Noninvasive Sensor for Measuring the Partial Pressure of Oxygen in Humans
Agency / Branch:
DOD / USAF
The air of this proposal is to develop a noninvasive probe that may be placed near, but not on, the patient or the patient's wound, to measure the partial pressure of dissolved oxygen in the interstitial body fluids. The sensor is capable of assessing gas pressure levels in a graduated fashion from superficial to deep, in both healthy and compromised tissues. The sensitivity is sufficient to monitor wound healing in patients receiving hyperbaric oxygen therapy. The sensor is a laser diode transillumination spectrometer tuned to the near infrared 762 nm wavelength, the resonance wavelength of molecular oxygen. A vertical cavity surface emitting laser (VCSEL) is utilized as the 762 nm light source because they are tunable, stable, small, low cost and will operate off a single 9V battery. The sensor is expandable to measure carbon monoxide (CO) and carbon dioxide (CO2) with the addition of 1567 nm (CO) and 1573 nm (CO2) laser diodes. The Phase I project will determine the most practical means to implement a hand-held NIR spectroscopic oxygenation monitor, specify the components needed, define the measurement method and assess the practicality of the instrument for Phase II development.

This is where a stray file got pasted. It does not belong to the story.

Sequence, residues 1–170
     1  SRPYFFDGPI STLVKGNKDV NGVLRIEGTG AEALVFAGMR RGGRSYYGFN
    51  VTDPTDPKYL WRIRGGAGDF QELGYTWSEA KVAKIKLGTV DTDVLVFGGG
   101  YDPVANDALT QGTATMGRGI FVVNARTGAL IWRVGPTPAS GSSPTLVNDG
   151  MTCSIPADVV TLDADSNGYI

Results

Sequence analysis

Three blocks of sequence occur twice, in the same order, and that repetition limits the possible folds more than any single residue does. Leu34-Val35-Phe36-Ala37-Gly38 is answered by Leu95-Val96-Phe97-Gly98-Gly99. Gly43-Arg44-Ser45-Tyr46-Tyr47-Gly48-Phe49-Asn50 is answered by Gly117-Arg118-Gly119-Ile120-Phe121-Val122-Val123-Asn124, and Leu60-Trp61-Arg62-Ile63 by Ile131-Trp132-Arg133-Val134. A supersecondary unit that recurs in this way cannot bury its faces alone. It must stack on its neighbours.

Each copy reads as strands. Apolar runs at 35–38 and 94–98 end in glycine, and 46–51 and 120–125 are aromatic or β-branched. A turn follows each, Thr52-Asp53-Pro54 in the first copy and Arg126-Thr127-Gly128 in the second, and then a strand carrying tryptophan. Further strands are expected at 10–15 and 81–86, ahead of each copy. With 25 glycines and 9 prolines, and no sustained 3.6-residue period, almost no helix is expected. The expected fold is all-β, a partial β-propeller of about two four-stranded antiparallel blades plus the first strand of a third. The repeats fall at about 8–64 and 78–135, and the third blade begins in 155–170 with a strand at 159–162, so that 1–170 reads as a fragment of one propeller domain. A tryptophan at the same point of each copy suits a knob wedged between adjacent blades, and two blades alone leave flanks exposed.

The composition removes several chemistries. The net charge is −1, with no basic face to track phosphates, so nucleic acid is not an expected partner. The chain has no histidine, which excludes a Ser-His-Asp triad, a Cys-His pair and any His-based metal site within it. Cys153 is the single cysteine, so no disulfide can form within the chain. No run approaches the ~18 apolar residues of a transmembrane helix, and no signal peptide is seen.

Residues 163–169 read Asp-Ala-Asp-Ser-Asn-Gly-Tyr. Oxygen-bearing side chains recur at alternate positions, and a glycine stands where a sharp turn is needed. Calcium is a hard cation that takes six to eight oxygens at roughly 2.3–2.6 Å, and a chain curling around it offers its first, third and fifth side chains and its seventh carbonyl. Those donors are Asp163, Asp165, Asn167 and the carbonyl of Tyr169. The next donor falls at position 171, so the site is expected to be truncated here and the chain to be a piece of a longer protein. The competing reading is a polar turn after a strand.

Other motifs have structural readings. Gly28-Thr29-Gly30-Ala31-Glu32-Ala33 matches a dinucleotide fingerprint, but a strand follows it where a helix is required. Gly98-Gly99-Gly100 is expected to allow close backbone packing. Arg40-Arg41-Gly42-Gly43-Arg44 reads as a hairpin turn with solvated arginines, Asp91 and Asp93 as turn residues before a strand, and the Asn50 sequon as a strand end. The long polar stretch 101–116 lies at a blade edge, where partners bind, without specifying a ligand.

Small Business Information at Submission:
Principal Investigator:Stephen D. Walker
1472 Cassin Court Boulder, CO 80303
Number of Employees: